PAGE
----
The current definition of “device” in the Act explicitly excludes products that accomplish their effect “solely by pharmacological, immunological or metabolic means or solely by chemical means in or on the body of a human being or animal.” This wording allows for some substances to be classified as medical devices. Specifically, a substance could be a device if its mode of action were not accomplished by pharmacological, immunological or metabolic means, or by chemical means in or on the body. However, this should not be interpreted as suggesting that every substance that does not act by pharmacological, immunological, metabolic, or by chemical means in or on the body, is a medical device. Instead, the entirety of the respective definition of “device” and “drug” must be considered when determining whether a substance is a device or a drug.

A product considered to be an accessory to a device may itself be classified as a device under the “device” definition. A device accessory is distinguished by its intended purpose/associated claim(s) to enable or support the intended use of the primary device. For example, a gel used as a lubricant to assist in the insertion and use of a probe would be considered a device accessory. Moreover, a liquid solution intended to disinfect or sterilize a medical device could also be considered an accessory to that device.

2.5 Influence of Subordinate Regulations

Once a product has been classified as a drug and not as a device at the level of the Act, further classification is required to determine whether it is subject to the Food and Drug Regulations or to the Natural Health Products Regulations (NHPR). This subsequent classification is guided by the definition of a NHP in section 1 of the NHPR, the exclusion of prescription drugs in section 2(2) of the NHPR, and the inclusive and exclusive lists of substances respectively set out in Schedules 1 and 2 to the NHPR. For example, Echinacea is a drug under the Act and an NHP under the NHPR.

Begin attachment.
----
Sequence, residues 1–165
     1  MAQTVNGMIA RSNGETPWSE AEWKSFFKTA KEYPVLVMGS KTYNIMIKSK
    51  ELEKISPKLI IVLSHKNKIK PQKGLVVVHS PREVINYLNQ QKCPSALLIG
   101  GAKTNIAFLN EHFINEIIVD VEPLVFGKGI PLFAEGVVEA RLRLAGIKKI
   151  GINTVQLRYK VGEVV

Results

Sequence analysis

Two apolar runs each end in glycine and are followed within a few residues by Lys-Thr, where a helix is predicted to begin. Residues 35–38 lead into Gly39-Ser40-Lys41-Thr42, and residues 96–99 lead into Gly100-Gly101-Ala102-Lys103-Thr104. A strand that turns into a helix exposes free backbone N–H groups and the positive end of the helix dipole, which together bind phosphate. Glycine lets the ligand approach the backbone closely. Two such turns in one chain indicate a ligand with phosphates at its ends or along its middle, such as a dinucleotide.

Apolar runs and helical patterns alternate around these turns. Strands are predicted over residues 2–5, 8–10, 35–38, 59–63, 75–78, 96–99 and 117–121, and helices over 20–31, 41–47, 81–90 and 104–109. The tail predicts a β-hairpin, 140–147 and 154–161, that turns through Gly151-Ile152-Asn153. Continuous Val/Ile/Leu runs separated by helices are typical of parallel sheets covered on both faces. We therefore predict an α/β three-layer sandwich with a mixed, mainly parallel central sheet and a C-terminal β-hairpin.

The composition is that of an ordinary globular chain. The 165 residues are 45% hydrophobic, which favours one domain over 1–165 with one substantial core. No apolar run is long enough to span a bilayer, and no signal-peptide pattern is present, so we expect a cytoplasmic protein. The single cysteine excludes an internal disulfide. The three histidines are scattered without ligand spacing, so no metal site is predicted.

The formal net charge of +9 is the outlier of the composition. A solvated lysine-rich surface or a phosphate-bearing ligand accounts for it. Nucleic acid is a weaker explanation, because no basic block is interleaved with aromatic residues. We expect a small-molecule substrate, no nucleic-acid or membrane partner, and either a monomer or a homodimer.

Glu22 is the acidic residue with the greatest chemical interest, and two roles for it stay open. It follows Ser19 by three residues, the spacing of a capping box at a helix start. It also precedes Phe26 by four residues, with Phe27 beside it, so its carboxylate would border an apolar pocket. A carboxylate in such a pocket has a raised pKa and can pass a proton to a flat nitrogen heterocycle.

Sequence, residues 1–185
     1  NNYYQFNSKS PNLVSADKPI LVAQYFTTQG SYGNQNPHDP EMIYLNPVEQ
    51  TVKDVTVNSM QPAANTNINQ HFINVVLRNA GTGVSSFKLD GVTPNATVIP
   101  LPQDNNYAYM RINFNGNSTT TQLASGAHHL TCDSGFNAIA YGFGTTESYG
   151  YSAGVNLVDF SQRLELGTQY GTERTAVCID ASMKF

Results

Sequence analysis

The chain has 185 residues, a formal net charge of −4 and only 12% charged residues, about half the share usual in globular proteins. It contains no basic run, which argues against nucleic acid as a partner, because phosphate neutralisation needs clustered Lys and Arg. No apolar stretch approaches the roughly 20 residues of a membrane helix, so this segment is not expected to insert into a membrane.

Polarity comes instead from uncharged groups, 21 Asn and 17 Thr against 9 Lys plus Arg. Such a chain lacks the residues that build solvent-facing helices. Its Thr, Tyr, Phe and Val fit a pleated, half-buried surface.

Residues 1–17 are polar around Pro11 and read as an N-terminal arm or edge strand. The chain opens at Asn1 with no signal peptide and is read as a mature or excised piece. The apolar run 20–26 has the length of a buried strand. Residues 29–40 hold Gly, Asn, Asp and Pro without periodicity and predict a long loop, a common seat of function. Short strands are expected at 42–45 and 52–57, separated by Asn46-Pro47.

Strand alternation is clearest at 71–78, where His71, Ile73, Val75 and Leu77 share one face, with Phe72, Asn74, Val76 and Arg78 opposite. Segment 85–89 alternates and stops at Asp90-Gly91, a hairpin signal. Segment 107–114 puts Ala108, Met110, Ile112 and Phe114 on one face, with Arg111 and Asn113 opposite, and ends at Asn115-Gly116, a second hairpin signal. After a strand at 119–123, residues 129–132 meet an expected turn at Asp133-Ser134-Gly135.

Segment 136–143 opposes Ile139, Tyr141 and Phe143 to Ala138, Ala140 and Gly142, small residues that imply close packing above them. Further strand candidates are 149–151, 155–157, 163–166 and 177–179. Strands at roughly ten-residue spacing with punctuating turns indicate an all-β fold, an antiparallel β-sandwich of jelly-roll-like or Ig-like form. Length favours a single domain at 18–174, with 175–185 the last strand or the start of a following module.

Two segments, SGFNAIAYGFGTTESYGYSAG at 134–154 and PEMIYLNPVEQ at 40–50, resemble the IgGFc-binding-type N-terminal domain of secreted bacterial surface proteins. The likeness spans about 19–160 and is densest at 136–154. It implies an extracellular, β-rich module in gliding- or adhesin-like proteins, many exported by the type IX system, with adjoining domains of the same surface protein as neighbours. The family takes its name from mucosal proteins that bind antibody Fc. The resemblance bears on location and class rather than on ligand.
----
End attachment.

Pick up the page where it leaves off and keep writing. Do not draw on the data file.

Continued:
2.6 Evidence Requirements

To be granted the necessary authorization to market a health product in Canada, a sponsor must submit to Health Canada satisfactory evidence demonstrating the product's safety, efficacy and quality. The requirements for filing a device licence application, a drug submission or a natural health product licence application are specific to each product line. These filing requirements are not taken into consideration when a health product is classified by Health Canada; devices and drugs are classified, first and foremost, in accordance with their respective definitions in section 2 of the Food and Drugs Act.

2.7 Product Classification by Foreign Regulatory Authorities

There are differences between the definitions in the Canadian legislation and those used by other regulatory authorities. In addition, the interpretations by other regulators of their own definitions may further affect whether they classify a product as a device or a drug.

Health Canada may consult the classification decisions of foreign regulatory authorities as a tool to assist in interpreting and applying the definitions of the Act. While Health Canada seeks to align device/drug classifications globally when feasible, a product still needs to meet the definitions in the Act and its regulations.